How to Start a Retirement Account If You’re Self-Employed

Working for a large company can have its perks, like a company car, health care plans and even a free lunch here and there. But if you're self-employed, you may not be accustomed to the same luxuries or a human resources department to assist you with any questions you have, especially about retirement. This means you need to find an alternative to set up one of these accounts, but there is no need to stress, as you can still apply for the same retirement plans that are offered to employees of large businesses. Here are a few tips to help you start a retirement account if you're self-employed:

Pick a plan
There are many plans you can choose from, but these are some of the most common options the IRS recommends for self-employed people:

  • Simplified Employee Pension: This plan may be better if your business is a one-person show. You can still use it if you have employees, but you will need to contribute money for them as well. The maximum amount you can contribute for yourself is 25 percent of your net earnings. For 2014, the maximum amount allowed is $52,000.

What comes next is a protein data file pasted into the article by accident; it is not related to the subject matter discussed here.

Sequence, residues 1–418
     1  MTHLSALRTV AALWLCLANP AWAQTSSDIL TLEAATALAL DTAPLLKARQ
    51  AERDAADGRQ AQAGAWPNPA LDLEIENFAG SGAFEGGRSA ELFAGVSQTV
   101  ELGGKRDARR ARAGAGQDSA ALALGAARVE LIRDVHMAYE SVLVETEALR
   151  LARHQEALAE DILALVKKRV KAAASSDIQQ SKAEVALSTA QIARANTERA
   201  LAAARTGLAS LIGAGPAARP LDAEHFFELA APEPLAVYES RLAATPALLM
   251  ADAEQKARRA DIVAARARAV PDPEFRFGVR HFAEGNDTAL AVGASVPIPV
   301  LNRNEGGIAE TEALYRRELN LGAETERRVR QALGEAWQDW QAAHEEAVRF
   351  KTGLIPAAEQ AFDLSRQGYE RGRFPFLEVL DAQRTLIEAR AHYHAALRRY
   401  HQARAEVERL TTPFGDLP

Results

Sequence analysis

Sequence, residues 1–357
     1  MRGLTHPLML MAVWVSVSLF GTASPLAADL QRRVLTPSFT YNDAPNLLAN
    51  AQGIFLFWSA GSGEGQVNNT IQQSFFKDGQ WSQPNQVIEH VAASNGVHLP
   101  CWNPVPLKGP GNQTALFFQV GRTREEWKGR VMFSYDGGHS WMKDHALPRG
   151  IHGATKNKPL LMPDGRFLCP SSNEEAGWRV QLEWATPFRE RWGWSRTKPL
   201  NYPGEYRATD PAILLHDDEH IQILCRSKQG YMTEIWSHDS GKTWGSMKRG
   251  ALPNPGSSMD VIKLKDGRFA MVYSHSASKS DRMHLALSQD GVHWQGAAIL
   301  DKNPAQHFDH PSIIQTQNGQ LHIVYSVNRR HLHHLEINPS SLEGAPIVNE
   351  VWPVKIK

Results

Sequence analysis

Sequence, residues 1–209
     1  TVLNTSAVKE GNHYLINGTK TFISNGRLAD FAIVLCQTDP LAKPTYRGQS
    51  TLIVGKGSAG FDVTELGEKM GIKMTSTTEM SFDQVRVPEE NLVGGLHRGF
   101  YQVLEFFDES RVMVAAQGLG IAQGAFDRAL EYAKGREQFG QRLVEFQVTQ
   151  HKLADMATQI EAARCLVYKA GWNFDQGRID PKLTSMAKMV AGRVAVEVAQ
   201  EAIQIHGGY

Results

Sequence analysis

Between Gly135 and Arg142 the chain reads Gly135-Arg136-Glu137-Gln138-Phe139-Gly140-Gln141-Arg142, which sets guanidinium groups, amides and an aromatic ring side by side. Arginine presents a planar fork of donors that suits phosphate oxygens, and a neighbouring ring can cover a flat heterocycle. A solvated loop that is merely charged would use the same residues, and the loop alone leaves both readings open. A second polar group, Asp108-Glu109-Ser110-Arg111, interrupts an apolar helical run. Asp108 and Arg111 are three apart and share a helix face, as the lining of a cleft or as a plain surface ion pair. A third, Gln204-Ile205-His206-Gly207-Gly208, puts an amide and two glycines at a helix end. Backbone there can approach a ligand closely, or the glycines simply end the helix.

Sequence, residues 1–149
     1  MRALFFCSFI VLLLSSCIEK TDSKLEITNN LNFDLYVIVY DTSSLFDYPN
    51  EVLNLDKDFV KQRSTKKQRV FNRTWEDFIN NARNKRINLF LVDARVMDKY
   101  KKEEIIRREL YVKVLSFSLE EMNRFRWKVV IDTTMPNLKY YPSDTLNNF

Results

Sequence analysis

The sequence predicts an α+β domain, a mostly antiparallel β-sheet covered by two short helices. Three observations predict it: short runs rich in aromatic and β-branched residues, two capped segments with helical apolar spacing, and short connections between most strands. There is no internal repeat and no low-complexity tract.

• 401(k) plan: This plan is commonly offered to employees of a big business and designed for one person. This can work in your benefit because you don't have to worry about contributing any money for employees. With a 401(k), you're allowed to make a maximum contribution of 25 percent of your income and a salary deferral of $17,500 for 2014. An additional $5,500 can be contributed if you're 50 or older.
  • Savings Incentive Match Plan for Employees: If you have less than 100 employees, a SIMPLE individual retirement account may be for you. You're allowed to contribute all the net earnings from your income to this plan. The maximum amount is $12,000 for 2014. This can still work if you have no employees, but if you do, you have to match up to 3 percent of their compensation.

Contribute part of your earnings to this fund
You can't start a retirement account if you don't have enough funds to contribute to it. Creating a budget may seem easy as it can come in handy to help you save up for your golden years. Look at your base salary and pick a percentage of it that you want to save for retirement. This can be any number, but Equifax recommends anywhere from 15  to 20 percent.

Plan for future health problems
These plans can be great, but you need to make sure you have a backup plan in case you or a loved one gets sick. You should think about what your health care costs will be, and there are some retirement plans that can help you with this. A health savings account is tax-deductible, and you can take out the funds to pay for medical and other health expenses.